- Log out of iMessage (open iMessage, click the iMessage menu, click the Accounts tab, click the iMessage account on the left column, and then click the button to sign out)
- Log out of FaceTime (similar to logging out of iMessage).
- Deactivate any third party software that has a limited number of authorizations. Most consumer-grade software doesn’t do this, but some expensive professional software does. Instructions for this will vary depending on the specific software.
Start up in macOS Recovery Mode
Be sure to remove all devices from your computer except for necessary items like the mouse and keyboard. You don’t want to accidentally erase an external hard drive.
For macOS 10.7 or higher
- Turn your Mac off
- Press the power button to turn the Mac back on and immediately press and hold the Command + R keys on your keyboard
- When you see the Apple logo or globe you can release the keys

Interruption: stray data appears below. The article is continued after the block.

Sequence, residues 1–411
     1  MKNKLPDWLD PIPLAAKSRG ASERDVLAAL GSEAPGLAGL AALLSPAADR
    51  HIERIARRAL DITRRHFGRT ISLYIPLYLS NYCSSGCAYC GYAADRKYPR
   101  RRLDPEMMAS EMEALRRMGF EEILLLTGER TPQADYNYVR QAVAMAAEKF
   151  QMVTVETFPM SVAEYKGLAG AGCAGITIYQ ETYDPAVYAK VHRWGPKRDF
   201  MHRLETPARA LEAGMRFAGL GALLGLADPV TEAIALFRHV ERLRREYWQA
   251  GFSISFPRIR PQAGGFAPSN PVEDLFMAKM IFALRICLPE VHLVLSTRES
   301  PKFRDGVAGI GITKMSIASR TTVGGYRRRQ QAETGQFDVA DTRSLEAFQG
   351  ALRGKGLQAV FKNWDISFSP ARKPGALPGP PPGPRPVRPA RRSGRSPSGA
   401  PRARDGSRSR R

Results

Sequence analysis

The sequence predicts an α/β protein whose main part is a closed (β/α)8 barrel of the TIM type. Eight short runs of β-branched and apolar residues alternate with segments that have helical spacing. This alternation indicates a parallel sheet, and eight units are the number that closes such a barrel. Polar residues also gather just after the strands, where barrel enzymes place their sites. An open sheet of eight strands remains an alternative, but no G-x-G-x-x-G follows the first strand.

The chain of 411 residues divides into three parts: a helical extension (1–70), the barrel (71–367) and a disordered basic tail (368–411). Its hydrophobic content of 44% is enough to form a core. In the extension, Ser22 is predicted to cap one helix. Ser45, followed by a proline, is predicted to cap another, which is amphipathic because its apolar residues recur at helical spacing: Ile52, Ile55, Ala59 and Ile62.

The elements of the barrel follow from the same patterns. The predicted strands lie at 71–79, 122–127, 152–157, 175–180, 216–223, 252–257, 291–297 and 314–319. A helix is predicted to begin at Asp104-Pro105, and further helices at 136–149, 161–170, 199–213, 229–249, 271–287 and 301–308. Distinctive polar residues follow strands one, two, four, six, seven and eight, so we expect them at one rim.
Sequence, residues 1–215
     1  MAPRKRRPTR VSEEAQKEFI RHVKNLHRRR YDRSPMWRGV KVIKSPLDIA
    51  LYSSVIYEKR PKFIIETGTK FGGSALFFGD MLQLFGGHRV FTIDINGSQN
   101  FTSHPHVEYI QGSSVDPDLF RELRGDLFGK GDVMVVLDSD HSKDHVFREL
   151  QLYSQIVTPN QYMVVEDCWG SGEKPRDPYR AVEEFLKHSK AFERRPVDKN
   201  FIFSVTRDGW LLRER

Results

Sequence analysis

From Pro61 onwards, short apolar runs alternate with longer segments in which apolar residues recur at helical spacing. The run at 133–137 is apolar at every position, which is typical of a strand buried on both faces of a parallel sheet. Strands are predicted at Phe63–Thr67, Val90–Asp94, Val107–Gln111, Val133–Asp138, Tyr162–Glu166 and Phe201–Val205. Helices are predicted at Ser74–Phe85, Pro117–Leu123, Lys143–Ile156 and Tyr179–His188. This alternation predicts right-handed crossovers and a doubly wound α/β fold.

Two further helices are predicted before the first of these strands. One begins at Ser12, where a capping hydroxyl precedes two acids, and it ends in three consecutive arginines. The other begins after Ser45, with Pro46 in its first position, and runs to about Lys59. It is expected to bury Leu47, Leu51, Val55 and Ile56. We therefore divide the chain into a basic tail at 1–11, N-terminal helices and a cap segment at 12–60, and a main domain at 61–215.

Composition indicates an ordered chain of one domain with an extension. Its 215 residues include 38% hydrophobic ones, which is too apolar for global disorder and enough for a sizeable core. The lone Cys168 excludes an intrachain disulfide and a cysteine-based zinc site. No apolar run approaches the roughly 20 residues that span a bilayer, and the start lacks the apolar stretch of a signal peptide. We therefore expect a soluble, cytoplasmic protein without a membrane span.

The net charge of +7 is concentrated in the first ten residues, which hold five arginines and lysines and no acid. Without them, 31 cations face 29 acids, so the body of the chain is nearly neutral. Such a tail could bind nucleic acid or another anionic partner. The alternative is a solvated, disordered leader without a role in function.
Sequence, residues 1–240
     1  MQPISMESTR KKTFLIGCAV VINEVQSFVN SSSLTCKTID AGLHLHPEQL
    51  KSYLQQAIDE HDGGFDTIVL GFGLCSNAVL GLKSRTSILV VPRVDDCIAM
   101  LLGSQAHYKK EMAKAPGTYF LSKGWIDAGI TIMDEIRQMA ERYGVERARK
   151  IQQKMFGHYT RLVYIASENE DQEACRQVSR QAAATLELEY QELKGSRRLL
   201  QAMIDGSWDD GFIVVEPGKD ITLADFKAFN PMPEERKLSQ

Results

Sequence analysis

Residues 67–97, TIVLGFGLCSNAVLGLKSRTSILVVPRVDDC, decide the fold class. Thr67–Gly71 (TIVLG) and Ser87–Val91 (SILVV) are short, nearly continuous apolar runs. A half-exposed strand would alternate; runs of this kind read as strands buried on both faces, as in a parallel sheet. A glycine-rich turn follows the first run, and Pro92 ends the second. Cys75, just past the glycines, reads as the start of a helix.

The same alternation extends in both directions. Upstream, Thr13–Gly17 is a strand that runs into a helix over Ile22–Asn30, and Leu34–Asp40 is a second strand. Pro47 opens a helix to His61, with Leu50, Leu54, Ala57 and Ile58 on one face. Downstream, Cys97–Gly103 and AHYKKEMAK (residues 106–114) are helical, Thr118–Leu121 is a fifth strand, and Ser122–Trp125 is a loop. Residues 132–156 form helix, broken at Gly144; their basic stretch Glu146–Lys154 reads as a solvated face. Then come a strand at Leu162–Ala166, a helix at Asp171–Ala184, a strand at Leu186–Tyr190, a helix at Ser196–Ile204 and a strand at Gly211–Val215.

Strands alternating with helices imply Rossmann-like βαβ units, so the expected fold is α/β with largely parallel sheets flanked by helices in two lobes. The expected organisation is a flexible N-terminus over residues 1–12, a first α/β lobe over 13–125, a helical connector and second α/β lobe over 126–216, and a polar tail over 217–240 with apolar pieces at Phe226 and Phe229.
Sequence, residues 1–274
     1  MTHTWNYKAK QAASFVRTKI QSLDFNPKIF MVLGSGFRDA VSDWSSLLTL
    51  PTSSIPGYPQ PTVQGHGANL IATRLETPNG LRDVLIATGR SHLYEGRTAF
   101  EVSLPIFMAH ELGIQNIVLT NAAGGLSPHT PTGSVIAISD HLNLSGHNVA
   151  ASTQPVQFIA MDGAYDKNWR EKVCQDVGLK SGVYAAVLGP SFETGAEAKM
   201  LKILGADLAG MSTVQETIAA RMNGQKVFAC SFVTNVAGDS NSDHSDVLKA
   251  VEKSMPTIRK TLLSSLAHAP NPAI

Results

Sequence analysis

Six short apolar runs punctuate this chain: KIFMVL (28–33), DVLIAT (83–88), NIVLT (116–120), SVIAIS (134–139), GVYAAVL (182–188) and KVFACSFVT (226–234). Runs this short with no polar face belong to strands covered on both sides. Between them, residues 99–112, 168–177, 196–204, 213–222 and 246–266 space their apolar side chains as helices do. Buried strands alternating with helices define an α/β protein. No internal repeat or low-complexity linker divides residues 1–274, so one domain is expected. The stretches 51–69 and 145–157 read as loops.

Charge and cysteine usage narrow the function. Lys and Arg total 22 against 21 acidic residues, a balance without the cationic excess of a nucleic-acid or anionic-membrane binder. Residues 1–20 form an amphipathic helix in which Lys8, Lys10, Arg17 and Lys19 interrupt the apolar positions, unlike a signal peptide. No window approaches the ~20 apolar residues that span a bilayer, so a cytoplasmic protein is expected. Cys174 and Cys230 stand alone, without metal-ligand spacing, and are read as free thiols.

- Follow any prompts such as entering your WiFi password or choosing your language
Shortcut: If you are running macOS 10.13 High Sierra or later and you want to install the latest OS your computer supports rather than the currently installed OS, use Command + Option + R instead. You can release the keys when you see the globe, then choose your WiFi network when prompted.
For Mac OS X 10.6 and lower you’ll need to boot using a Mac OS X disc. If you don’t have your disc you may need to upgrade the system software to a newer version first and then try again. Or you’ll need to enter Target Disk Mode and connect it to another Mac to erase with Disk Utility.
- With the computer powered on, insert your Mac OS X install disc or the recovery disc that came with your Mac
- Turn off your Mac
- Press the power button to turn the Mac back on and immediately press and hold the Option key on your keyboard
- Release the Option key when you see the boot selector
- Use your arrow keys on your keyboard or your mouse to select the install disc (it could take up to a minute to appear)